Everyone in my large party gave up on the idea of more beer or snacks. My brother displayed his tension by sitting forward in his seat and complaining almost nonstop about the incompetence of the Rogers Centre. I’m sure he didn’t enjoy anything after the fourth inning.
I stayed quiet in my contentment, glad not to have had my appetite stoked Bud-stoked, but mindful not to gloat about it.
The Jays lost. The caveman, in a sense, won, by keeping to a diet that drives my cravings to extinction.
Mind you, even if I maintain some paleo practices in my lifestyle after the current trial month is through (two days to go!), there’s no way in hell I’ll be sticking to it at the ballpark.
Photo: With nosebleed seats like these, can you blame me for wanting a beer?
Me not gone! Me just busy.
This is just a quick post to reassure you that I have not given up on the paleo adventure — in fact, I find it easier to continue with, being just days away from being able to eat “normally” again — I have just been juggling a lot of activities. And I’ve been keeping my diet pretty cave-like all the while.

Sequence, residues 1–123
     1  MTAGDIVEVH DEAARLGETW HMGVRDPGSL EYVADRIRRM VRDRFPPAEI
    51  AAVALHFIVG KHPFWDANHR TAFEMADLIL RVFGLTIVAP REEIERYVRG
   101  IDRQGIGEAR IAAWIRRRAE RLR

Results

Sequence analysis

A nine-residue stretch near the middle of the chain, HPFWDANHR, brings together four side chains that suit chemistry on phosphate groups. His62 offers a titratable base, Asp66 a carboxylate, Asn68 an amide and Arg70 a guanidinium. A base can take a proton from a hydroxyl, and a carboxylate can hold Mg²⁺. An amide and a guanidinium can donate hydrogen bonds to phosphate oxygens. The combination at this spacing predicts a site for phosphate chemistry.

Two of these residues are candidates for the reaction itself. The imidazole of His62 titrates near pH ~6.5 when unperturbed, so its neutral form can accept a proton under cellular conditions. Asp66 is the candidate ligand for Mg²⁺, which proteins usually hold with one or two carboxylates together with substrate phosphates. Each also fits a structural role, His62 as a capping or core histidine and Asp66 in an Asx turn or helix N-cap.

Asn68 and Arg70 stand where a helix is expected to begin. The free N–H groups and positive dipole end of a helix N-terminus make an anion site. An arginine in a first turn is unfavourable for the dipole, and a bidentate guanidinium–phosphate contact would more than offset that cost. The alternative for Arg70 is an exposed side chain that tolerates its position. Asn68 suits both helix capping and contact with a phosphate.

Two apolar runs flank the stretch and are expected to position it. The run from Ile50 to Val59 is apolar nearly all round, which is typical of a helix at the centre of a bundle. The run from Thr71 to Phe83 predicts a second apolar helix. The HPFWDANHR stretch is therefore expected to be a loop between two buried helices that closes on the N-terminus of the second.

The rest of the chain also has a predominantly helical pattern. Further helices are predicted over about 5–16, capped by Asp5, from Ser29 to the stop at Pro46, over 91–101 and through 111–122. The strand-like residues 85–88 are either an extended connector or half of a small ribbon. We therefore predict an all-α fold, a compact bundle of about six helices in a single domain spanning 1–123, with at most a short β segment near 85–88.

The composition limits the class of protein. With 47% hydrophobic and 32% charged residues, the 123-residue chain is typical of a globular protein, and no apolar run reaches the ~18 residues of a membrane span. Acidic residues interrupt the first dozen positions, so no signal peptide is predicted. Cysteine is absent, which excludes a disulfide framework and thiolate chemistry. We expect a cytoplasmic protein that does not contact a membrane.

Some notes to chew on while I find the time to expand on them later:
• First, it’s barbecue weather at last in my home in Toronto, which makes eating mostly meat and vegetables more gratifying. Plus, I cook on a charcoal grill, which just makes the food taste authentically cavemanly. Just the smell has a primal appeal to it.
• Second, a friend asked me last week if it’s been hard not to drink alcohol. No: It’s been annoying.
• Third, not to sound like a diet book, but: I’m at the point where just about everyone is commenting on my weight loss. I will get to a scale as soon as I can. Best guess is I’ve lost 10 pounds in three and a half weeks by eating paleo.
• Fourth, I’m running out of time to do some paleo-ish things I planned to do: Walk the 19 kilometres (11.8 miles) from work to home; give blood; switch to all-natural grooming products.